Firms that lack the infrastructure to expand via acquisition and financial resources to invest in organic growth will eventually become obsolete. One way to avoid such a fate is to sell all or part of your firm to a larger RIA or benefit from joining a larger platform.
Partnering with a larger RIA or strategic buyer can have multiple benefits. A larger organization can often provide tools and resources that you may not be able to afford for your firm, but that can help you and your employees better serve your clients. Aligning with a larger organization whose brand is more well-known can also help you attract more quality talent and provide more advancement opportunities for your current employees. It can also help you liquidate some of your equity while getting to contribute to your firm’s growth and giving your clients a sense of continuity.
Buyer or Seller, Start Planning Now
If you’ve carefully considered your options, regardless of whether you intend to buy or sell, you can start preparing today. Buyers and sellers can start planning by getting a business valuation. If you plan on selling in the near future, you need to know what the value of your firm is to ensure the proceeds of a sale would be sufficient to fund your retirement. If your firm’s value is lower than you expected, a valuation can not only help you understand what factors are driving your firm’s value, but also help identify aspects of your firm that you can start focusing on in the short-term to build its value.
Even if you plan to buy now and sell later, it can be helpful to know what your firm’s value is today versus what you want your firm to be worth at retirement. A valuation can help understand where you need to go and how to get there, which are critical parts of an acquisition strategy and can help you identify what to look for in acquisition targets.
If you know your path forward, you can also start organizing your deal team. Both buyers and sellers should consider hiring an investment banker to manage the sale or acquisition process and hire an M&A attorney to assist with negotiations and to review and draft deal documents. Sellers will likely need an accountant and/or tax advisor to help facilitate due diligence and determine the tax implications of the deals they pursue. Depending upon the size of the acquisition, buyers may need to hire a firm to assist with due diligence and consultant to manage the compliance-related aspects of a deal to help integrate the acquired firm.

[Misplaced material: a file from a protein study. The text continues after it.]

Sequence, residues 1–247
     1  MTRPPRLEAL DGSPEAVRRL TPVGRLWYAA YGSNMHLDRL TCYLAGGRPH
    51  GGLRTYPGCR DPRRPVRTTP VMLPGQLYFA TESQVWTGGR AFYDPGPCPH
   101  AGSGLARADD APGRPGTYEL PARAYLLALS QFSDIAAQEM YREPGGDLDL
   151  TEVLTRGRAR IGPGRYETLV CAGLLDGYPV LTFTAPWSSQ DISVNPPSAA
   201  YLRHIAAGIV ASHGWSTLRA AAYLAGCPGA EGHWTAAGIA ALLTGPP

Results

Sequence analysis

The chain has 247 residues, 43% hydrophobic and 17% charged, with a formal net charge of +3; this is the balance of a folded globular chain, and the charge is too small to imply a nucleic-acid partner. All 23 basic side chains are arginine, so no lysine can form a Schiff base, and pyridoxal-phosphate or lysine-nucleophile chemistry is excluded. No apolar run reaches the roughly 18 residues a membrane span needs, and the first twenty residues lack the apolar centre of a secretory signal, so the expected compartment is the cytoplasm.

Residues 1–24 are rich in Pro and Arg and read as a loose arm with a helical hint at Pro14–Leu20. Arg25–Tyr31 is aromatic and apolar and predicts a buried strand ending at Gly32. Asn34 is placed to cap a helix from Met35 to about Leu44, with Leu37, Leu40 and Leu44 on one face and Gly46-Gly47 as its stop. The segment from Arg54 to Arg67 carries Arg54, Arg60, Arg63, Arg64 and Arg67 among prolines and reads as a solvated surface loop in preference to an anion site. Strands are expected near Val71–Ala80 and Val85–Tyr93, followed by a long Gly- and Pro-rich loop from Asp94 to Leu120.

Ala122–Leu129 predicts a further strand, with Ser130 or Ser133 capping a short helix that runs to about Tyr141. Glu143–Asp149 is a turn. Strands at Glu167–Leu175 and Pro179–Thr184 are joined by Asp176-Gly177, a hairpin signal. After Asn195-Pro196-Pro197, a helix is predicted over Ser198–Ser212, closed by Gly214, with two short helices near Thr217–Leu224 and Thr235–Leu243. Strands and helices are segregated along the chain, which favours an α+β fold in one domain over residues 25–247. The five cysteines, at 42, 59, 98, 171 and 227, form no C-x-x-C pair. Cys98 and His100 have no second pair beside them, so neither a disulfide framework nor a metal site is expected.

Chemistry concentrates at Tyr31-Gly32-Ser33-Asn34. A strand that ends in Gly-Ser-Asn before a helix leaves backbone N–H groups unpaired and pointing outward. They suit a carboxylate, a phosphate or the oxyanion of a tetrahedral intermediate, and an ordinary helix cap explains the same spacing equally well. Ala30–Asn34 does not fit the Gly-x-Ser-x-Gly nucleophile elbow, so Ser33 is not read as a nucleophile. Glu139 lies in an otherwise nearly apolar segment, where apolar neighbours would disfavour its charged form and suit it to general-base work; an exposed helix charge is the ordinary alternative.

Whether you are a buyer or seller depends primarily on your personal goals and your unique situation. RIAs should develop their acquisition or succession strategies around these things while taking into account industry trends and dynamics. The current industry environment benefits sellers more due to an overabundance of acquisition-minded firms who have access to capital, but the seller’s market won’t last forever. Age, competitive pressures, and the allure of high valuation multiples will eventually drive more sellers to the market, which will eventually shift the M&A landscape in the buyer’s favor. Sellers who delay their succession planning risk losing out on a golden opportunity.
1 ECHELON Partners. RIA M&A Deal Report: U.S. Wealth Management. January 2018.
2 Cerulli Associates. U.S. Advisor Metrics: The Next Generation of Planning. The Cerulli Report. 2017.
3 BlackRock. Elite RIA Study. 2017.
4 TD Ameritrade. FA Insight: 2017 Securing Your Firm’s Future survey highlights. March 2017.
5 ECHELON Partners. RIA M&A Deal Report: U.S. Wealth Management. January 2018.
6 Accenture Strategy. Sizing Up M&A Value Now. 2017.
7 RIA In a Box. RIA Technology and Options Survey. 2016.
8 InvestmentNews. Adviser Technology Study: Driving Efficiency, Profitability & Growth. 2017.
9 Britton, D. Advisors Paying More For Compliance. WealthManagement.com. October 2017.
10PricewaterhouseCoopers. PwC’s 2017 M&A Integration Survey Report. March 2017.
12TD Ameritrade Institutional. 2017 Financial Planning Program Directors Survey. November 2017.
13 Fidelity Investments. Fidelity RIA Benchmarking Study. 2017.
This document is for informational use only and may be outdated and/or no longer applicable. Nothing in this publication is intended to constitute legal, tax, or investment advice. There is no guarantee that any claims made will come to pass. The information contained herein has been obtained from sources believed to be reliable, but Mariner Capital Advisors does not warrant the accuracy of the information. Consult a financial, tax or legal professional for specific information related to your own situation.